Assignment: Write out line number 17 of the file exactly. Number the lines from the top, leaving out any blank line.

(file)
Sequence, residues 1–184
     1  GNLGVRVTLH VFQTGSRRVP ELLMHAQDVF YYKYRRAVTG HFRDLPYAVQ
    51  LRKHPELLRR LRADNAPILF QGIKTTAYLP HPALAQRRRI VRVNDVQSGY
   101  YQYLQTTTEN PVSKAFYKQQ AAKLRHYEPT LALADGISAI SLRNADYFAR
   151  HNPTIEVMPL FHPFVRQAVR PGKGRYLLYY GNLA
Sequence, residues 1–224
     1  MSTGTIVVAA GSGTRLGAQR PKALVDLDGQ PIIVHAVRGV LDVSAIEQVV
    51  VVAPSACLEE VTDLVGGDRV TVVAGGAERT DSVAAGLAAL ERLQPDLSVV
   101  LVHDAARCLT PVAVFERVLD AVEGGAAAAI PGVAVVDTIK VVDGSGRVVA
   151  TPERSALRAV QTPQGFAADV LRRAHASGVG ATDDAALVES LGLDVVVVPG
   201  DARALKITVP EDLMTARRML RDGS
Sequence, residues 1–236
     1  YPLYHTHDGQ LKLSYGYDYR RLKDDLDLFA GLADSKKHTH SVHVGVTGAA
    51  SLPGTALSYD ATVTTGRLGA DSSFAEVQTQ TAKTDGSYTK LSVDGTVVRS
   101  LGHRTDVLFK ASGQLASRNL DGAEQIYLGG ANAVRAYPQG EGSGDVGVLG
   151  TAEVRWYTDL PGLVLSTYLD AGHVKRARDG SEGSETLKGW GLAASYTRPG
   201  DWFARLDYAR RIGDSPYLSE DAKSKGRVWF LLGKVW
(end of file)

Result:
   201  DWFARLDYAR RIGDSPYLSE DAKSKGRVWF LLGKVW